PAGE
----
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Natalie Soto and her brother, Christian, joined a training program at Roundabout Theater Company that aims to diversify the ranks of theater workers.
Certain moments are politically and artistically potent, but most of “Fruit Trilogy,” a program of three short plays, is pervaded by a curious flatness.
In the middle of “Harry Potter and the Cursed Child” and “Angels in America” are late-afternoon gaps to fill. We offer some ideas to pass the time.
Antoinette Nwandu’s “Pass Over” considers the fate of young black men in a gun-torn city. Its first production caused a stir — and won a fan in Spike Lee.
In Nilo Cruz’s poetic tangle of a play, an opera star finds the recipient of her husband’s heart after he dies in a car accident.
Maly Drama Theater’s spare, subdued — and slow — adaptation finds dreamy lovers split apart by political schemers.
Majority rule (mostly). One play per playwright. How we put together the 25 Plays list, and a bid to remember notable writers and favorite works that missed the cut.
Brad Birch’s psychological thriller finds former lovers warily circling each other in Wales.
Marina Carr’s blistering play seems ideal for this cathartic cultural moment. Its Irish Repertory Theater production is a missed opportunity.
The aftermath of the Fukushima disaster infiltrates the lives of a young couple in Toshiki Okada’s spare, affecting play
Philip Dawkins’s play blends realism and campy melodrama as it envisions the fumbling beginnings of an affair between Williams and William Inge
As the first black actor to play Billy Bigelow on Broadway, Mr. Henry is changing theater, while a newborn son is changing him.
The show had its premiere on Cape Cod two summers ago. It has been revised, but it retains its primary strengths and its fatal weaknesses.
Twins who discover they’re far more than sisters are at the center of a high-tech sci-fi drama at Here.
A conquering hero comes home in a ferociously funny, and surprisingly timely, revival of the novelist’s 1970 play.
Jason Grote and Marisa Michelson‘s new musical, set in modern-day New York, deconstructs the Middle Eastern folk tales of “One Thousand and One Nights.”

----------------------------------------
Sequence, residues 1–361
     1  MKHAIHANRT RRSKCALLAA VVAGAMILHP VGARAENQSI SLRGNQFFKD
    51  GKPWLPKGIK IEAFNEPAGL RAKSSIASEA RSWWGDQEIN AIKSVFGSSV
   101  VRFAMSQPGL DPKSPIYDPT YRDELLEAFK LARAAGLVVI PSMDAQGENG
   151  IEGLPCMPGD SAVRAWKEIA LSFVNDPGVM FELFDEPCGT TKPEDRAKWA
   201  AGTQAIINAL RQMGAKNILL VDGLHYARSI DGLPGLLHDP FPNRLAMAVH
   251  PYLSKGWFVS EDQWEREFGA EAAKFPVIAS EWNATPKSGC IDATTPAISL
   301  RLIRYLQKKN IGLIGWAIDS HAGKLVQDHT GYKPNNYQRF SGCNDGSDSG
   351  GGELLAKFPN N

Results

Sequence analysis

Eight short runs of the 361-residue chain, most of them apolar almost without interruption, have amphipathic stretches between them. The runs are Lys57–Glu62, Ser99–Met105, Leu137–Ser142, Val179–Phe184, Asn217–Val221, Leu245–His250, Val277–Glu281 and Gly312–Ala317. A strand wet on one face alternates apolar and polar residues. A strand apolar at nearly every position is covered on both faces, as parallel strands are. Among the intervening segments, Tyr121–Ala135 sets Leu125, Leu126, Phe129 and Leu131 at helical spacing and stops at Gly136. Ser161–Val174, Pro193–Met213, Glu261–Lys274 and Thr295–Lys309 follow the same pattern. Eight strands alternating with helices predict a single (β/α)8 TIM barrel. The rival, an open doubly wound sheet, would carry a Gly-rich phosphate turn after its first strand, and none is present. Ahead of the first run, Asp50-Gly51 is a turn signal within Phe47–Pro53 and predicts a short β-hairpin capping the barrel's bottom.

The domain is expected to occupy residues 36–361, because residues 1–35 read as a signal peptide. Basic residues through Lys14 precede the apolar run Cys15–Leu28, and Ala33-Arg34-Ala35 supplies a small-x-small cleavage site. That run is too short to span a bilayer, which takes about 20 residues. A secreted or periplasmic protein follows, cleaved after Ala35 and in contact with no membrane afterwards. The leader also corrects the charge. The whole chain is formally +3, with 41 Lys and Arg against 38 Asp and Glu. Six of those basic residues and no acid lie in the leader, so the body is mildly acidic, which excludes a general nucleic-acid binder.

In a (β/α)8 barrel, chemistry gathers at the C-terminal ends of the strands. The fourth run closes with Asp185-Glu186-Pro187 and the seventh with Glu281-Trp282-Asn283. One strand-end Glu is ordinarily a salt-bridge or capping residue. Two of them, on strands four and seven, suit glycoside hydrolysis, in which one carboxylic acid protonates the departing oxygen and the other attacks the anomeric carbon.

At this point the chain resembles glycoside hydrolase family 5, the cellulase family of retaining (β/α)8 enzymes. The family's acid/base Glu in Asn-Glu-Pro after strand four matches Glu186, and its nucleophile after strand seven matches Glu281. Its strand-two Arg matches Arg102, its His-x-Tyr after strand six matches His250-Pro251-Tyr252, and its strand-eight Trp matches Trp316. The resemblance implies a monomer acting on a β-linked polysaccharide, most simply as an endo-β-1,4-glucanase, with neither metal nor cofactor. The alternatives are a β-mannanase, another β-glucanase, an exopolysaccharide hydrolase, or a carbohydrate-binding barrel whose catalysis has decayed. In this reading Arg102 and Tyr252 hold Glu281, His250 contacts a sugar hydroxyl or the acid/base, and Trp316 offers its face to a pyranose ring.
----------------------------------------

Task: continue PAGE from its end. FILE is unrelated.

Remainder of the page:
First produced in 2011, this coming-of-age story about a pregnant teenager lands uncomfortably in the wake of #MeToo.
A solo show by Eliza Bent and directed by Knud Adams explores cultural appropriation — and how we can call it out when we see it.
The Bengsons are a folk-rock duo adapting their personal stories for the stage. But their new show, “The Lucky Ones,” posed a painful challenge: “Is it possible to tell the truth kindl…
In this Primary Stages production, Sharon Washington recalls how an enchanting period in her family’s history was also tinged with pain.
Repertorio Español delivers an intimate, transporting adaptation of the Gabriel García Márquez novella.
Familiarity with Tolstoy’s novel is no prerequisite for enjoying this antic show by the Berlin-based troupe Gob Squad.
The movie is beloved. But it also pits girls against girls. How, then, do you make a stage musical that satisfies fans and meets our cultural moment?
Reality and identity are mutable things in “Distant Observer: Tokyo/New York Correspondence,” by Takeshi Kawamura and John Jesurun, at La MaMa.
A boxing champ who survived an attempt on her life prepares to seek revenge in this multimedia play at Abrons Arts Center.
Jeremy J. Kamps’s play — a smart but overloaded riff on “The Cherry Orchard” set on a family farm — doesn’t quite hit the right accent.
Jaclyn Backhaus and Andrew Neisler’s new play wants to be a collection of stories about fierce women. But it’s so packed with plot lines, it only partly succeeds.
The play, inspired by real people and events in the decades leading up to the foundation of Israel, cuts to the role of music in creating a nation.
Get to know the playwright Hammaad Chaudry, the 13-year-old actress Rileigh McDonald and the actor Andrew Burnap.
This bio-play about the married artists Jackson Pollock and Lee Krasner is a surreal sparring match, steeped in alcohol and dripping with paint.
A primer of the books and films to get you ready for the Broadway opening of “Harry Potter and the Cursed Child, Parts One and Two.”